Not nearly the same, my son had/has ADHD (he's a freshman in college) rather severely and it has affected most aspects of his life including socially and academically. He's incredibly bright and it breaks my heart that so much spins around and around in his brain and he can't get it out oftentimes.
    Hop over and visit Gina’s recent post When The Cat’s Away…Stream Of Consciousness SundayMy Profile

    • I know what you're talking about. Caroline's and Sam's school is for kids with Asperger's, High Functioning Autism, and ADHD. I see the kinds of things the kids with ADHD struggle with every day. And it is SO frustrating for us as parents when we see our kids worlds spiralling. Your son has my best wishes and brightest thoughts. And so do you.

  3. Me, too… I am glad I came over to read this. (I'm thinking about take a week off from Trifecta to read some of the Trifectans' great blogs — there's only so many hours in the day). You children are blessed with parents who KNOW; they will have the support they need until they get that college degree and beyond. I am still learning about autism, and I thank you for this compelling piece. Your daughter is beautiful; you have the same eyes!
    Hop over and visit Sandra’s recent post Dear Trifecta Writing ChallengeMy Profile

    • Thanks for visiting! I know exactly what you mean. The Trifecta community is amazing, and I DO think I need to just take a week to explore these wonderful blogs outside of the posts!
      Hop over and visit jesterqueen’s recent post Spectrum My Profile

  4. I don't understand why people feel the need to say anything to you about this issue, Jessie. You are sticking up for your kids and teaching them how to be powerful, strong, independent people. Bravo.
    Hop over and visit andra watkins’s recent post I’m Watkins DammitMy Profile

    • Sooo so many of them are people who ought to know better. We are blessed with a collection of extremely supportive parents (a total of five between Scott and I) and siblings (Scott's 3; mine is history and would not have been at all helpful). And we are also connected to some wonderful professionals in our community. But holy hell the people who need to feel my wrath…
      Hop over and visit jesterqueen’s recent post Spectrum My Profile

  5. The labels some kids are burdened with can never be removed. I hate that, and hate the stigma attached to these labels. Our children are so much more than a word, they are wonderful, smart, funny, and compassionate people. That's what I want the world to see and accept.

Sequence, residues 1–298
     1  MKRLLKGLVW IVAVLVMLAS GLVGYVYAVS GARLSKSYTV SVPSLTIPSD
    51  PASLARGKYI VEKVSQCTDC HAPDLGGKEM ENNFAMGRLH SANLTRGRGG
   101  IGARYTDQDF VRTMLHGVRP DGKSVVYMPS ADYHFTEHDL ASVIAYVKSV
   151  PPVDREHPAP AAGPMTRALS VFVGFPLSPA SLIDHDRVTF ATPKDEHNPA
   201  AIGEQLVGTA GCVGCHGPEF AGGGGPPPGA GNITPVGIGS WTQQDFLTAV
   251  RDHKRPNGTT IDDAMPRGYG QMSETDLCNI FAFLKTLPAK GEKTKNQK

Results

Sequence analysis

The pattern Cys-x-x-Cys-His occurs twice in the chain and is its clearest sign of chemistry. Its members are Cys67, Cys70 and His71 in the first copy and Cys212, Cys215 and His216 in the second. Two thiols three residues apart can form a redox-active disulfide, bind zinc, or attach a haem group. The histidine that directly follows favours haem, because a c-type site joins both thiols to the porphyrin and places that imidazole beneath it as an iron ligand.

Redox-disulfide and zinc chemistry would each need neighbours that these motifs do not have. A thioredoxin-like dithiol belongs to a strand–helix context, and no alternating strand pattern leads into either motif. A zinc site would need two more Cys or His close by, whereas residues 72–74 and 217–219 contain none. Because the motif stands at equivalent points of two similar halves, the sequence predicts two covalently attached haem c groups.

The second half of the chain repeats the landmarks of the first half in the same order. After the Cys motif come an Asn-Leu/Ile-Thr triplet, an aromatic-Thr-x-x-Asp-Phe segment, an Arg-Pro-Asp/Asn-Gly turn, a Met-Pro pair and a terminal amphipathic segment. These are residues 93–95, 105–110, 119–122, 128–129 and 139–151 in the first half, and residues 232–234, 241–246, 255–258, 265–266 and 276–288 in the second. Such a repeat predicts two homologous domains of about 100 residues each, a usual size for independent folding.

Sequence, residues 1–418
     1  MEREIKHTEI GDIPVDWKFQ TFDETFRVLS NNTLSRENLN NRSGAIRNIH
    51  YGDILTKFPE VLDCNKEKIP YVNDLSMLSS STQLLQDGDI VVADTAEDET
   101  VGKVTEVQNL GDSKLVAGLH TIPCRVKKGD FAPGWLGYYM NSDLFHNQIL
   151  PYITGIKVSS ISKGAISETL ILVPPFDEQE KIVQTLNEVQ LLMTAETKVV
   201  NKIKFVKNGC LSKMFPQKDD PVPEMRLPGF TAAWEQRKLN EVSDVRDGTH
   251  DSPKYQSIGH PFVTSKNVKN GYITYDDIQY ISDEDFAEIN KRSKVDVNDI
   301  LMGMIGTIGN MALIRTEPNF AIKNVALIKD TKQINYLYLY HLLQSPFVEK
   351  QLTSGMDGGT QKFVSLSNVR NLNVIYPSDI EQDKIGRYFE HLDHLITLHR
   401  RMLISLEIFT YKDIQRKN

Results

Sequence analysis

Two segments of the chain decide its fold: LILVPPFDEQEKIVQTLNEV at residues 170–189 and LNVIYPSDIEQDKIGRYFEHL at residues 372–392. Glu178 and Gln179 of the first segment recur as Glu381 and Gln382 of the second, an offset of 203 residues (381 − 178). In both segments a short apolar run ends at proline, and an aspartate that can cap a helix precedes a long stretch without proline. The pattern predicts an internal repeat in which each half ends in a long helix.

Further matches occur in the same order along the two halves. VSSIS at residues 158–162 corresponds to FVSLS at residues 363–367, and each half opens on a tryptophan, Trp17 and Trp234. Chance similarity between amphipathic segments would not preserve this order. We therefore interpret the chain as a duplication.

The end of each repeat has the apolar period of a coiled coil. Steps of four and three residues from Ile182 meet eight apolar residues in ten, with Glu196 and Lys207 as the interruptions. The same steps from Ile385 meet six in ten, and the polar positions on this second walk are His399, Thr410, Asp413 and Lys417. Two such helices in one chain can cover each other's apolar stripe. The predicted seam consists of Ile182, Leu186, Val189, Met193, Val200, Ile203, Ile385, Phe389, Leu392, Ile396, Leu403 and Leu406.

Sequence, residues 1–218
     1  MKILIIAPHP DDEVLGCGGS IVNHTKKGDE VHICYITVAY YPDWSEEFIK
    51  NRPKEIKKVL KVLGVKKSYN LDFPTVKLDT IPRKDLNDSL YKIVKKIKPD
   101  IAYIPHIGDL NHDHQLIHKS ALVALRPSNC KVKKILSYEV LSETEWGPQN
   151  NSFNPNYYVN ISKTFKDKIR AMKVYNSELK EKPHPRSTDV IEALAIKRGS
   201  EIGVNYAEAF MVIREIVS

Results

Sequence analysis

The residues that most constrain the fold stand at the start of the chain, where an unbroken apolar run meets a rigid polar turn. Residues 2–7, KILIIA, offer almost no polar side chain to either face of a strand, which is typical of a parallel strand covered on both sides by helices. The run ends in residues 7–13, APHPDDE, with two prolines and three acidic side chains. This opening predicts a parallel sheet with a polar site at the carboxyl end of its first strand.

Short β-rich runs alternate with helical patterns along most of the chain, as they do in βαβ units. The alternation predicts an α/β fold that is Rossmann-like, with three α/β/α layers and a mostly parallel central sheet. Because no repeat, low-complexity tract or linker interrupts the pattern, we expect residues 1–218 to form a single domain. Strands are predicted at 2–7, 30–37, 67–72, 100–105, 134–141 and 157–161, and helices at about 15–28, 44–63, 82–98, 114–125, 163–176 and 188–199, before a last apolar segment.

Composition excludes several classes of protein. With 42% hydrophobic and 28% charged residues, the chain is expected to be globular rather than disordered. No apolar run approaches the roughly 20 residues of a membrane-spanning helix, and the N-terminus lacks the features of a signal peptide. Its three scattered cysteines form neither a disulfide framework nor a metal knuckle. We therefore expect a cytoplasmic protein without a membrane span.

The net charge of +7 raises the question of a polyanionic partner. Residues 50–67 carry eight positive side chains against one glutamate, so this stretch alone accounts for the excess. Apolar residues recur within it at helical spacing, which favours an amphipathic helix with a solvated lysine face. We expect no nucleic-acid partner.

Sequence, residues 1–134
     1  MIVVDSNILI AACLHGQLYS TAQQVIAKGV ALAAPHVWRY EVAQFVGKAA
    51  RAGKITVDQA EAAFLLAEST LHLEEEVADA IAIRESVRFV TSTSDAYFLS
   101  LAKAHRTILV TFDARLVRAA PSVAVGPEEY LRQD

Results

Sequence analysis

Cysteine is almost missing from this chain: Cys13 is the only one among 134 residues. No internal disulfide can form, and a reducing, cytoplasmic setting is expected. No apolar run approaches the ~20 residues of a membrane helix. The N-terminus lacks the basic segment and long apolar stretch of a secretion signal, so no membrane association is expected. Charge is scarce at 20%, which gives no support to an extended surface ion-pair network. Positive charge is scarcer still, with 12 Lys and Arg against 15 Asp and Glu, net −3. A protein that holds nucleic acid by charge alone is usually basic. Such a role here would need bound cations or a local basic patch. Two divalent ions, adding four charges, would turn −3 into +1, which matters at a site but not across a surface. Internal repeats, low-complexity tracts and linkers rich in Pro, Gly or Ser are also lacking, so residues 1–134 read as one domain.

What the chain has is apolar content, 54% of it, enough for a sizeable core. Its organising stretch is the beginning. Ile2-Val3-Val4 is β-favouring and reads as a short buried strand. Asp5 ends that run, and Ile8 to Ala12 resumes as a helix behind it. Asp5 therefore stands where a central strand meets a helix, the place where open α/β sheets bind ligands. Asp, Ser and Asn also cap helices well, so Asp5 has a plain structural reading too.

Hop over and visit Tara R.’s recent post Why isn’t this enoughMy Profile

    • Yes. I want the people who judge my kids, especially Sam, to just see how awesome he is for one second. And then I'll kick their butts. Because they need it.

  6. Success and failure are too black and white, there is so much more to life than those. Especially when we live in a society that focuses on the academic and material. Happiness may just be enough, and love. 🙂
    Hop over and visit idiosyncratic eye’s recent post Some SunshineMy Profile

    • I have to agree. Material things are good. And there are some I wouldn't know how to give up. But the pure joy when I taught my son the word awesomesauce? There's nothing to compete with that.

  7. Thanks for stopping by so i could find your blog..Great post that has really made me think about so many things…I agree with the blogger above, success and failure are too black and white, we need to think in other degrees

  8. Amen sister. My oldest is a girl with Aspergers, and the words you said here sure do resonate with me. I've had that "I will flay you" sensation when trying to explain that it's a SPECTRUM and dispel misconceptions. I'm very accepting of what makes my daughter who she is. There are people who arent, tho, and maybe you and I can make a difference when we speak like you have today.
    Hop over and visit Frelle’s recent post Being Present : Just Be EnoughMy Profile

    • I think more parents ARE speaking out. And every voice I hear helps me put that 'alone' feeling behind me. The first years of Caroline's Asperger's diagnosis were such lonely ones. But the more people speak up, and the wider the community grows, the more we have a chance to challenge the misunderstandings that are directed at the people most precious to us.

  9. One thing the kids have in their favor is strong parent advocating. We all need to be looking out for whatever our kids' needs happen to be. More power to you.
    Hop over and visit May’s recent post A Father’s North StarMy Profile

  10. I think it's honesty like this that needs to have a place at the table when people talk about what constitute families. So far, all 3 of my girls are disease and disorder free. There's no indictation they have my anxiety problems or my wife's tourette's. But if they do they need to know they're no different tahn anyone else.

    great post

    • Yay! I'm glad your girls are healthy and happy. But I'm also glad you know what kinds of problems are possible so you know how to help them if something crops up down the road.

  11. Great write up and I can TOTALLY relate, especially with the "he doesnt look autistic"…

    • Yes! The way you described your son, I thought, "Bet some of the same comments are directed at him as my kids". I get frustrated with that one, but I 'get' it. And I consider people who say that to be really asking to learn. "What IS autism anyway?" is how I really perceive the question. An open inquiry and a desire to know more.

  12. i also got those comments from those who didnt believe me or want to believe that there was "something not right"…never go against the gut feeling…

    • Those people infuriate me. I've known my daughter was on the spectrum since she couldn't latch when nursing when she was a NEWBORN. And yeah, technically it could have gone either way at that point, but it didn't. Because I was right damn it.

  13. Wonderful post! Good for you for speaking up – if only more parents were like you. I don't care what diagnosis any child has – the rule is we love them all IMMENSELY and intensely. and that is that.